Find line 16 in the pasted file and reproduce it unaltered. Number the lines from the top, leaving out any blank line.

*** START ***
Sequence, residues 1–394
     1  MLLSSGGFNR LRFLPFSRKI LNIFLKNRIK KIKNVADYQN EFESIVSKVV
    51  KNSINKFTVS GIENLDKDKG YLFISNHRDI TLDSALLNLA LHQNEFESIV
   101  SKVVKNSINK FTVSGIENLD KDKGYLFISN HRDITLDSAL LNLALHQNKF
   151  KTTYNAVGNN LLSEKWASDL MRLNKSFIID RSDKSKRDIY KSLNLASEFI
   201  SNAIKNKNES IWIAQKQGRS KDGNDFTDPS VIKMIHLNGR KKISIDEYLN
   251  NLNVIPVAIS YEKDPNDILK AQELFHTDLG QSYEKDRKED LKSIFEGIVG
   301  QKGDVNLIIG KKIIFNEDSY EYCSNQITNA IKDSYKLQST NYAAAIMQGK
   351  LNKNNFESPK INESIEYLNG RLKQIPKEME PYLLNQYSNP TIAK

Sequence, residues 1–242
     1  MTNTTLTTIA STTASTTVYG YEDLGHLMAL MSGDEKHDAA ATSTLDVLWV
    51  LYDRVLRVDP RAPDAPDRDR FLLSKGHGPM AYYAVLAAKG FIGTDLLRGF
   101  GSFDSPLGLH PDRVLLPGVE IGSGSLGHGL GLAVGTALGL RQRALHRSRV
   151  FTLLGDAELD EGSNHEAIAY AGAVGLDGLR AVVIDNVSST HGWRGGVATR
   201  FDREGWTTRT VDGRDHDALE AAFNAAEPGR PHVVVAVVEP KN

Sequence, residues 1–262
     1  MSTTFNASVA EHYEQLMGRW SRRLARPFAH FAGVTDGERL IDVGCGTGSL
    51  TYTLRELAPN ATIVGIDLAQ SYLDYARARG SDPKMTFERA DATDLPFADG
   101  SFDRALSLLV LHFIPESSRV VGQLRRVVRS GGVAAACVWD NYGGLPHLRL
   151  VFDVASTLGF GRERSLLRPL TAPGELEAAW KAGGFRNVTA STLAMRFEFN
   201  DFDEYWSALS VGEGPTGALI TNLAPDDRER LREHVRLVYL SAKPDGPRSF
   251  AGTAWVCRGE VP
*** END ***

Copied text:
Sequence, residues 1–262